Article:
L!VE List
Home > Latin > Hot Chocolate in Latin America
Page Rating
Content Quality:

Page Importance:
Author Pick:
Close Map

Book a Hotel or Hostel

Hotels Hostels & Budget


Check in Date

Check out Date

Number of Rooms




It began as a hot potion sipped only by noble Mayans in ancient Latin America, but today hot chocolate is a common beverage found around the world in homes, cafés and supermarkets. However, as its popularity soared and its birthplace was lost in commerce, its native land never forgot how to make a perfect, decadently rich hot chocolate.



After all, the seed responsible for making mouths melt—whether as a liquid or as a solid bar—hails from Latin America. Found in most tropical climates in Latin America, the cacao plant is the root of all chocolate treats. Cacao has been mashed, ground, shaved, sipped, baked and frozen for centuries.



The white seeds—yes, white—are nested inside a yellow, squash-like fruit which grows from the lanky cacao plant. Picked fresh from the tree and cracked open, you can suck on the large seeds which have a somewhat bitter taste.



The white seeds are usually roasted over fire, turning dark brown, and then peeled. Once bare, the seeds are reheated and with little effort they melt into a brown, heavenly smelling liquid. With a dash of milk, honey, vanilla or cinnamon, the rich, delectable treat which people of the world call chocolate comes to be.  



Over 2,000 years ago, the cacao bean was considered like gold and used as a form of currency by the Mayans. Whether it was Hernando Cortez or Christopher Columbus who brought the cacao beans to Spain has been the subject of debate. Most reports say that somewhere between 1517 and 1519, Hernando Cortez was offered a drink, in a golden goblet, by Montezuma II. Cortez tasted the drink made by the Aztecs and declared it a treasure. Apparently Montezuma II called it “chocolatl,” meaning warm liquid, and he consumed up to 50 goblets a day. Aside from that, chocolatl was reportedly drunk only during special ceremonies.   



Cortez is said to then have brought the beans back to Spain where the chocolate drink was made, heated and sweetened. It was an aristocratic beverage, to be sipped only by the upper class. By the mid-1600s, word got out. The drink became took hold among the French and the first official hot chocolate parlor was opened in London.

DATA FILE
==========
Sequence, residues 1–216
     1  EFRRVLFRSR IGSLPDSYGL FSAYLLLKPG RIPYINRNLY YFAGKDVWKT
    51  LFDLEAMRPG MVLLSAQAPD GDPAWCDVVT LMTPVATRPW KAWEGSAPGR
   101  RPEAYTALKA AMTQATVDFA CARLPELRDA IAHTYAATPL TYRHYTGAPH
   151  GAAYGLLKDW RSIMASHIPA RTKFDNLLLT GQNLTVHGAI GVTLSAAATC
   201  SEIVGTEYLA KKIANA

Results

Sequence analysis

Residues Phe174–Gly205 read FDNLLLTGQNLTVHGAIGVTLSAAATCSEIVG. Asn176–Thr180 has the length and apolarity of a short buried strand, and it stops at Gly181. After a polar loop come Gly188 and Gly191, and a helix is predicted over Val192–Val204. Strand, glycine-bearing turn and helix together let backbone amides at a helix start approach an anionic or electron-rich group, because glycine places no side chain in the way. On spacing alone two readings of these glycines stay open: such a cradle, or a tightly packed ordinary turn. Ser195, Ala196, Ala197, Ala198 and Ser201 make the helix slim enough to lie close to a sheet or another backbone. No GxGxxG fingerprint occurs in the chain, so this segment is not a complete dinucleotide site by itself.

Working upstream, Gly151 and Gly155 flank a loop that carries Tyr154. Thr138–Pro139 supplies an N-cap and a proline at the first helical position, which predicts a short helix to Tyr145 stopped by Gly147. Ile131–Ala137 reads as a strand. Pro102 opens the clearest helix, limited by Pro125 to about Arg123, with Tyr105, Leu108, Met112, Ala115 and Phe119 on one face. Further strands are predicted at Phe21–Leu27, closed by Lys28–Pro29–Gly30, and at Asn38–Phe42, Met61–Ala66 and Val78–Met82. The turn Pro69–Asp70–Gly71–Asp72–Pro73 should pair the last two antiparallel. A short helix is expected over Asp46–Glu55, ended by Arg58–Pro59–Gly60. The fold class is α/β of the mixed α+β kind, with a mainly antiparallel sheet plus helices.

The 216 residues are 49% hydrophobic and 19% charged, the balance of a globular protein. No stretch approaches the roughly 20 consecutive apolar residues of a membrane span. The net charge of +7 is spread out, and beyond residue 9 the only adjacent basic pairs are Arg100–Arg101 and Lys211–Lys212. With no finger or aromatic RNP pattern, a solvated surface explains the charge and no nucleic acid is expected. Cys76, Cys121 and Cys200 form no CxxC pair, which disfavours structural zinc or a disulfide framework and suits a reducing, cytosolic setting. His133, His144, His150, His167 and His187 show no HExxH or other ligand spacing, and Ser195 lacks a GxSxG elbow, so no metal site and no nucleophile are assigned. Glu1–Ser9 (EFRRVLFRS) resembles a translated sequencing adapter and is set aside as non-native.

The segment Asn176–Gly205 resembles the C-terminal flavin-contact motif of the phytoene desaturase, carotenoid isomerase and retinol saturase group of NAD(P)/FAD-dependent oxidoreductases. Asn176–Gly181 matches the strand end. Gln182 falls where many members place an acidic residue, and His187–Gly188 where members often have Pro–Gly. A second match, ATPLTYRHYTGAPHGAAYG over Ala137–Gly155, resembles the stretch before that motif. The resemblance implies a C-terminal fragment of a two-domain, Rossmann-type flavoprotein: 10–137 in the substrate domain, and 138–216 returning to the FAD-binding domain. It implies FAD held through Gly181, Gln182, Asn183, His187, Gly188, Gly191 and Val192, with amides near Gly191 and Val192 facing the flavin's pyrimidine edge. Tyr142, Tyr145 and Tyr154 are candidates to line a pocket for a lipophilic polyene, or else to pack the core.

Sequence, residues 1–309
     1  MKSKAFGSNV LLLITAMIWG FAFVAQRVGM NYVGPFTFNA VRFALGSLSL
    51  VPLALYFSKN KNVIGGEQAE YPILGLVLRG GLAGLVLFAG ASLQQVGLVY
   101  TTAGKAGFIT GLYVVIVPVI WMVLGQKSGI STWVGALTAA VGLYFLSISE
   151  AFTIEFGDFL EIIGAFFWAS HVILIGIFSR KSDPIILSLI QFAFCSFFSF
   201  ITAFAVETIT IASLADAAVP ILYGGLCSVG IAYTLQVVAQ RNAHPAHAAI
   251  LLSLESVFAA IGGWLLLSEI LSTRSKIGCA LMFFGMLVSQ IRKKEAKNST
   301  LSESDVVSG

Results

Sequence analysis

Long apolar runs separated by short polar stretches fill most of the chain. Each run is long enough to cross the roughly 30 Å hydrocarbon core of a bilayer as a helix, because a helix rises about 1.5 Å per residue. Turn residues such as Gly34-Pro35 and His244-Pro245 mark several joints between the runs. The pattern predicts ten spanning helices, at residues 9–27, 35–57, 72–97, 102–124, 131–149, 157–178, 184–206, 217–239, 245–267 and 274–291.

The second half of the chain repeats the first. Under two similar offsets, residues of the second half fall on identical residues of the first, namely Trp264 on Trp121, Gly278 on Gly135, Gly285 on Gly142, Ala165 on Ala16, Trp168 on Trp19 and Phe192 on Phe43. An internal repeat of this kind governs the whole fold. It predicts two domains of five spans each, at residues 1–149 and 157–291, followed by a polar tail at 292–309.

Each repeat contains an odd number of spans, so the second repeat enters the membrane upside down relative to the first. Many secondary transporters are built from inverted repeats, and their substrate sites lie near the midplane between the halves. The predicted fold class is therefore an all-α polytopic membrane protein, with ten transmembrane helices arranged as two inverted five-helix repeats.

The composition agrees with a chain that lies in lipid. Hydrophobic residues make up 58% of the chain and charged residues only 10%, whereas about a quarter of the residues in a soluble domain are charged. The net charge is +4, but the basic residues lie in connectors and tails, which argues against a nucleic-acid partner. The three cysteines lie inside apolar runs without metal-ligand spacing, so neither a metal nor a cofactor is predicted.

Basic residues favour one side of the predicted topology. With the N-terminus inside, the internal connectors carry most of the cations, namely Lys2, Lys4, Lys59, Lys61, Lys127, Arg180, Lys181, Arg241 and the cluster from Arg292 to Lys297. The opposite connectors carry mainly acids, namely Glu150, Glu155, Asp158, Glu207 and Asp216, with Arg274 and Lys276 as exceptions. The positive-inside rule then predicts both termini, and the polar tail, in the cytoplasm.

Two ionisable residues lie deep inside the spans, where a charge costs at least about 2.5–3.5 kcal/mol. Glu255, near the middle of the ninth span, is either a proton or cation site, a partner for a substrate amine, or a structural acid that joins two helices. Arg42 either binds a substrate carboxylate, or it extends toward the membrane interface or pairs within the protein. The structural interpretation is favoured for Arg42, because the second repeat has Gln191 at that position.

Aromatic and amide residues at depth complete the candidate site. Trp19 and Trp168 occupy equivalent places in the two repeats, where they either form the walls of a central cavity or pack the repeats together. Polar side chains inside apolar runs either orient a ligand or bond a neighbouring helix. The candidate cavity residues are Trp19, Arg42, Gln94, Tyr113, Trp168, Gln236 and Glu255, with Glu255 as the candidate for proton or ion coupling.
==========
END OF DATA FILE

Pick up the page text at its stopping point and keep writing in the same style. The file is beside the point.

Currently, hot chocolate is celebrated in Latin America, primarily because of its rich, full-bodied flavor. In many parts of the world hot chocolate is blended with boiling water, but in Latin American warm milk is used, making it just that much more creamy and smooth (if also fattening) in consistency. While still retaining its power as a special drink, Latin Americans typically sip hot chocolate after dinner or as a treat. Needless to say, special goblets are no longer used—regular ol’ mugs or tea cups suffice.  



It is also common for different countries to give the drink a special twist. In Colombia and Ecuador for example, it is common to have chocolate caliente con queso, essentially hot chocolate with a slab of fresh cheese, on the top and left to melt. It might sound bizarre but the salty flavor of the cheese mixes perfectly with the sweet chocolate flavor. Possibly an acquired taste, but most who try it are pleasantly surprised. Peruvians tend to put in a little extra chocolate syrup to their warm chocolate milk, the enhanced sweetness making it a dessert, but a very good one at that.



In Argentina, hot chocolate is served up in many fashions, the most popular being the submarino, consisting of steamed milk in a mug with a chocolate bar on the side. The bar should be submerged into the milk and will quickly disappear, melting into the liquid. A quick stir and a dash of sugar make it extra creamy, but the best part is that it tastes, and is, freshly made.    



Whichever way you take your hot chocolate, make sure you sip some in Latin America. If you feel the guilt of chocolate over-indulgence come on after consuming two or three cups, remember this is special stuff was once reserved for kings and queens. So sit back and treat yourself royally.

View Map

Antarctica | Central America and Mexico | South America |
Advertise | Anúnciese | Jobs | Alliances | Alianzas | Terms of Use | Contact Us | About Us | Blog | Administradores |
You must register as an owner for access to these listing tools and benefits.

Notification of new reviews: receive your latest reviews by e-mail

Customized request-a-review link: encourage guests to spread the word about your property

Our owners' newsletter: stay informed about our latest tools and benefits for you

User login

Enter your username and password here in order to log into the website:


Create a new V!VA account

Forgot Password